A year ago, the James Webb Space Telescope gave us theirs first official images, opening an unprecedented window into the universe. Since then, this revolutionary tool hasn't stopped working, collecting data and offering us new perspectives of knowledge.
In just twelve months, the researchers have published over 750 peer-reviewed scientific articles using or citing data from the James Webb Space Telescope (JWST or Webb). From data on some of the universe's earliest galaxies to greater understanding of our solar system, JWST has begun to deliver on its promise to observe our universe in more detail than ever before. And it's just getting started, with decades of science ahead of it.
For today and for tomorrow
"This telescope is for the next generation," he says Stephanie Milam, JWST Project Deputy Scientist for Planetary Science. "The kids who are in school today may be the ones using it in the future."
But what did James Webb do in its first year of operation? And what does it hold for the future? Let's see'.
So far, as mentioned, the James Webb Space Telescope has completed hundreds of research projects, many of which are related to the capture of the most distant galaxies that can be observed. Galaxies which, given the time it takes for light to reach us, are also some of the earliest in the universe.
JWST managed to capture galaxies up to 13,4 million light years away, just 320 million years after the Big Bang. Some of these galaxies they have amazing features, say the researchers. For example, unexpectedly large sizes or star formation rates very different from what we know.
Another area where the James Webb has made significant progress is exoplanet research, including detailed measurement of the atmospheres of exoplanets such as those in the system TRAPPIST-1, a group of seven exoplanets discovered in 2016 about 40 light-years away orbiting a small star.
The system is the largest known "collection" of Earth-sized exoplanets in a star's "habitable zone," the distance from a star where scientists think there might be conditions that could support life. In research published in March, the researchers were able to use data from infrared radiation from a secondary eclipse, or when a planet passed behind TRAPPIST-1, to find that TRAPPIST 1-b, the innermost planet, does not it has an atmosphere.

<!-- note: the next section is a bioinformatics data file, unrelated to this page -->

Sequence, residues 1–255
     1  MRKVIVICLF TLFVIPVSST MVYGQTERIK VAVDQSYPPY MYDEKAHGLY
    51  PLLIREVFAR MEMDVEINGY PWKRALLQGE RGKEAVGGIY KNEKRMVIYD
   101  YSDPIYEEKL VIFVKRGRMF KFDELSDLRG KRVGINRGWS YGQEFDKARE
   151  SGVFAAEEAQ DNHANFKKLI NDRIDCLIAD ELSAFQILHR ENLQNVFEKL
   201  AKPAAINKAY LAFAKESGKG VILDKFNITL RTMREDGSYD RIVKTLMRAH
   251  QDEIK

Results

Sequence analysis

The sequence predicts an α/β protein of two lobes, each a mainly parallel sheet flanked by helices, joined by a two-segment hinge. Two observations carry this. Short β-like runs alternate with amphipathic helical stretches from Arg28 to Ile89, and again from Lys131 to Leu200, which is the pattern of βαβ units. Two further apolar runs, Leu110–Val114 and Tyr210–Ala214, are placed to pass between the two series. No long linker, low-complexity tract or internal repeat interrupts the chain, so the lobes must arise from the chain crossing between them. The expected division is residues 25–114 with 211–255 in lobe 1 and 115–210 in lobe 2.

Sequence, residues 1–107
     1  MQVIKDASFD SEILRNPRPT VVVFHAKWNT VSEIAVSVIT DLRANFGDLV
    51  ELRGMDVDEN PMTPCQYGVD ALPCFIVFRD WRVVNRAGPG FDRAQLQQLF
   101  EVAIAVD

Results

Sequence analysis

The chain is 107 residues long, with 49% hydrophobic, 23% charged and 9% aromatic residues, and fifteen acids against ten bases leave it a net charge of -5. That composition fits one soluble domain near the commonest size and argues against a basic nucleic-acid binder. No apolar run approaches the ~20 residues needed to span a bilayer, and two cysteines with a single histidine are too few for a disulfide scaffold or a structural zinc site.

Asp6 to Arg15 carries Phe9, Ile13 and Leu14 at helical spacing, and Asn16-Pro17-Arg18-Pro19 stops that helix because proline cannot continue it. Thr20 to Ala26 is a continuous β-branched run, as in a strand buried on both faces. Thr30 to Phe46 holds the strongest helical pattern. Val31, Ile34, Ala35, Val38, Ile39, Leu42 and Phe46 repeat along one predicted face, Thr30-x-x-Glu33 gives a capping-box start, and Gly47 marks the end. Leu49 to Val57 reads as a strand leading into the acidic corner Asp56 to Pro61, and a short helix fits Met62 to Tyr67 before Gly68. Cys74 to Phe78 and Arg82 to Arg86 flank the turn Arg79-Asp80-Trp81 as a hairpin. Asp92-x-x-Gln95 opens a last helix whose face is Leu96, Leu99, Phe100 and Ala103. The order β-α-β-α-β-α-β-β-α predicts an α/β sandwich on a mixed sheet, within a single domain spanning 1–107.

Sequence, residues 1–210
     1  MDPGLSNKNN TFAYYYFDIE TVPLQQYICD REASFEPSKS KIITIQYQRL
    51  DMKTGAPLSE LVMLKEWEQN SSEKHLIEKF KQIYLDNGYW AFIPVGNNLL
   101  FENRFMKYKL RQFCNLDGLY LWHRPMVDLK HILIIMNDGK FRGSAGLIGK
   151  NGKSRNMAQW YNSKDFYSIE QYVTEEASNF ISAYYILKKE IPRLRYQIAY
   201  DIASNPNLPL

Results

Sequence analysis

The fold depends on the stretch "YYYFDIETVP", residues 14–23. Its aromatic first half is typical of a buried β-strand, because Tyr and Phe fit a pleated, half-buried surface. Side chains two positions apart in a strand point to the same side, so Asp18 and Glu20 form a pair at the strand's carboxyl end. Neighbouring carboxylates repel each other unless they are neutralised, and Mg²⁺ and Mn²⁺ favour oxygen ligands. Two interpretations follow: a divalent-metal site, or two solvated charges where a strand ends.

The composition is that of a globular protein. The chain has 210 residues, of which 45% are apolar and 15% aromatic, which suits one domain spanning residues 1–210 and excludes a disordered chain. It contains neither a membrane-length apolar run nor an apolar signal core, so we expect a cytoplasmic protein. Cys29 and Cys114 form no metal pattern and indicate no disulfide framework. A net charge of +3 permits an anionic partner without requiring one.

Water and comets
Closer to home, the James Webb Space Telescope has made some startling discoveries in our asteroid belt. In a study Milam worked on published in May, researchers used JWST to identify the first known comet surrounded by water vapor in the asteroid belt. Previously, comets containing water ice had only been found in the distant Oort Cloud and Kuiper Belt.
"The presence of water vapor in the asteroid belt is huge," Milam said. "That means there is some kind of mechanism that preserves water ice in an asteroid-like body so close to our sun."
James Webb, beyond expectations from the start
Every observation made by James Webb also benefits from his extraordinary optics. JWST was required to have a small diffraction limit of just two microns, Milam said. But the telescope turned out to be even more accurate: its diffraction limit is currently 1,1 microns.
Extraordinary numbers, which allow researchers to obtain even better data than expected.
And can we talk about savings? The launch of the James Webb Telescope went so well that it conserved significantly more fuel than scientists expected. While NASA initially expected JWST to last about 10 years or less, it is now expected to continue operating for 20 years, through the 2040s.
Twenty of these years, James Webb! What awaits us
In the coming year, researchers will build on what they learned this year using the James Webb and continue to push its capabilities and limits. For example, Milam said, it's possible the telescope could discover an even more distant galaxy.
Of course, there were some problems too, it wasn't all rosy. In the May 2022Before the first telescope images were even released, a larger-than-expected micrometeorite struck the James Webb causing small but detectable damage. All it takes: Scientists are now developing solutions to make sure future impacts don't damage the telescope.
Aside from minor inconveniences like this, however, things couldn't be better. The James Webb it continues to give us more and more questions and more and more answers about our universe. Every time she sets her sights on an area, she opens up a new box of surprises.
I can't wait to tell you all about them.